A Slick Brazilian

Nigel Pittaway covers a phenomenon in the business aviation market: Embraer’s Phenom

Embraer’s Phenom 300. All images Embraer S.A.


Brazilian aircraft manufacturer Embraer recently announced the delivery of the 700th example of its Phenom family of light executive jets. That’s 700 since the programmes were launched in 2005, a figure that represents almost half of the market share in the entrylevel and light jet segments.

The family includes the Phenom 100, an entry-level jet (formerly referred to as a very light jet) capable of seating four passengers, and the larger Phenom 300 light jet, which is typically able to carry six passengers.

Business aviation company NetJets received the 700th aircraft, a Phenom 300 and the company’s 60th aircraft, delivered from Embraer’s facility in Melbourne, Florida, home to the Phenom 100 and Phenom 300 production lines.

Embraer also recently announced the Phenom 300 was the most delivered business jet in the world in 2015, for the third year running. As of early November, around 340 Phenom 100s and 360 Phenom 300s had been delivered to customers all over the world.

In addition to the success Embraer has enjoyed in the executive jet market, the Phenom 100 has also found a niche role as a multi-engine training aircraft, with orders from several customers, including the UK Ministry of Defence, Emirates, Etihad, the Finnish Aviation Academy (for Finnair), Purdue University in the United States and China Southern Western Australia Flying College (for China Southern Airways).

Programme History

Embraer entered the business jet market with the launch of its Legacy aircraft in 2000, based on its successful ERJ-135 regional airliner, which first entered service in 2002. The Legacy later became known as the Legacy Executive, then the Legacy 600, and is still in production today as the Legacy 650E. A total of over 280 aircraft have been delivered.

Success of the original Legacy was the catalyst for the creation of Embraer Executive Jets as a separate division in 2005. In May of that year, then-President and CEO of Embraer Maurício Botelho announced the company wanted to strengthen its position in the business aviation market with new products and services. Botelho said the first initiative would be to increase its executive jet portfolio into the very light and light jet segments.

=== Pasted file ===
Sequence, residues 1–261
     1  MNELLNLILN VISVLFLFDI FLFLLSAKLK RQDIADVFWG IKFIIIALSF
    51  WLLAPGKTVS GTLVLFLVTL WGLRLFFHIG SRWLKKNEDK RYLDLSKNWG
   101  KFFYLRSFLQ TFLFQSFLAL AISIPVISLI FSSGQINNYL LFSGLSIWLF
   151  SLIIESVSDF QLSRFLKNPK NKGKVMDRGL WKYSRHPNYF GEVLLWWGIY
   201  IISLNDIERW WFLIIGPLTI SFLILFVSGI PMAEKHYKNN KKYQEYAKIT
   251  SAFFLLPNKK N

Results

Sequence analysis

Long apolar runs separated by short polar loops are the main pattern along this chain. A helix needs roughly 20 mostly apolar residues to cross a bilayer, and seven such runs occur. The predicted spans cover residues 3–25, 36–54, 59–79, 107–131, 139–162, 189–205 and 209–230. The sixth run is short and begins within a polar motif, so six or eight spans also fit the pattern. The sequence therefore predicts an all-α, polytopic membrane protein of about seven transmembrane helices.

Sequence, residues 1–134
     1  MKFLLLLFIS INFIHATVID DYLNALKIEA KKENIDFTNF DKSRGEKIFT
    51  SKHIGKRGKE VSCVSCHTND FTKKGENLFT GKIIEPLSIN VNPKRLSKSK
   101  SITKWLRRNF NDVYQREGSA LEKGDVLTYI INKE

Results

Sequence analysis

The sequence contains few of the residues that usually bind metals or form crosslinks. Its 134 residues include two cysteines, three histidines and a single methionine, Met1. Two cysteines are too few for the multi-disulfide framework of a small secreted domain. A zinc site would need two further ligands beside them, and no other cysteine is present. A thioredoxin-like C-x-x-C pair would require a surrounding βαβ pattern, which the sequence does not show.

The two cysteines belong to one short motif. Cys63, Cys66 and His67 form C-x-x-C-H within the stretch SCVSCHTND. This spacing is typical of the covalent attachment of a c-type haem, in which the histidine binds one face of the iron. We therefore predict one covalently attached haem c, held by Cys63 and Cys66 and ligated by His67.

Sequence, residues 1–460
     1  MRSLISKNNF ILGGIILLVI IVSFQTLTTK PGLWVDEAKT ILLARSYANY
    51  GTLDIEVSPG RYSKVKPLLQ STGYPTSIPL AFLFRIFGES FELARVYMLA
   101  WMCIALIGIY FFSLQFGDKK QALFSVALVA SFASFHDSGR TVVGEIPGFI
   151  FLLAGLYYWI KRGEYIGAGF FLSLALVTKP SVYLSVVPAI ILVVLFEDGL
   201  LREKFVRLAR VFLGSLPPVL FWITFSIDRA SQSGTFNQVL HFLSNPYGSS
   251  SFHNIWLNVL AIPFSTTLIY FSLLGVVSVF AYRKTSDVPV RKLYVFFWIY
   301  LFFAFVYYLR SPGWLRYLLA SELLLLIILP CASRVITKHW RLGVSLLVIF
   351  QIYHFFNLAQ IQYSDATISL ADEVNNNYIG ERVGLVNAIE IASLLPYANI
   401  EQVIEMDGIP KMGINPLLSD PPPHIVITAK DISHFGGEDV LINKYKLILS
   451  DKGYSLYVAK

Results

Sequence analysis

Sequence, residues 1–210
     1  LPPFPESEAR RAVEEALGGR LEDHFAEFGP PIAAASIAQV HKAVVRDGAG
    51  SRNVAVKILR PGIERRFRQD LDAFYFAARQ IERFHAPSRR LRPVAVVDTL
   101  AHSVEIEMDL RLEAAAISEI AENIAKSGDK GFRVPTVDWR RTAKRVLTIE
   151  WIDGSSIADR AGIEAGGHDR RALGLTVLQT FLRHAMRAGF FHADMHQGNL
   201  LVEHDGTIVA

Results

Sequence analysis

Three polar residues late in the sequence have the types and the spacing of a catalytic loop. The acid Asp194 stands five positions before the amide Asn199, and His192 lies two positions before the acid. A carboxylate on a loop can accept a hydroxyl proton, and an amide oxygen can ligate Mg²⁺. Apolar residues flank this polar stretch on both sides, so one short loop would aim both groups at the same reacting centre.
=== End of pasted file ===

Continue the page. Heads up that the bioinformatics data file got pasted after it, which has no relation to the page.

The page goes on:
At the time, Maurício Botelho said: “The Legacy has paved the way for Embraer to build a name in the business aviation market. This has been an enriching experience with valuable lessons learned. The accrued knowledge will shape our entrance into the very light, entry and light jet segments, keeping Embraer at the forefront of product development and innovation.”

Embraer’s board had approved the plan the previous month, with $235 million allocated for the design of two types of aircraft. Embraer’s total market forecast for the very light, entry and light segments was approximately 3,000 aircraft over the first ten years – a figure that excluded aircraft purchased for the air taxi market.

First came the smaller Phenom 100, which was later repositioned into the entry-level category that first flew on July 26, 2007, from São José dos Campos. It was awarded Brazilian type certification in December 2008 and deliveries began the same month. Development of the Phenom 300 followed around 12 months later, flying for the first time from São José dos Campos on April 29, 2008. Type certification and delivery to the first customer followed in turn in December 2009.


Typical passenger load: Four

Range: 1,178 nautical miles (2,181km)

Cruise speed: 405kts (750km/h) at 33,000ft

Max speed: Mach 0.70

Take-off field length: 3,200ft (975m)

Max operating altitude: 41,000ft (12,500m)

Payload (full fuel): 645lb (292.5kg)

Hot and high take-off distance: 5,663ft (1,726m)

Time to climb to 41,000ft: 35 minutes Baggage capacity: 60ft³ (1.7m³)

Engines: Two Pratt & Whitney Canada PW617F1-E, each rated at 1,730lb (7.695kN)

Avionics: Prodigy Touch (Garmin 3000)

A Phenom 100 cabin finished in a style called Tiffany.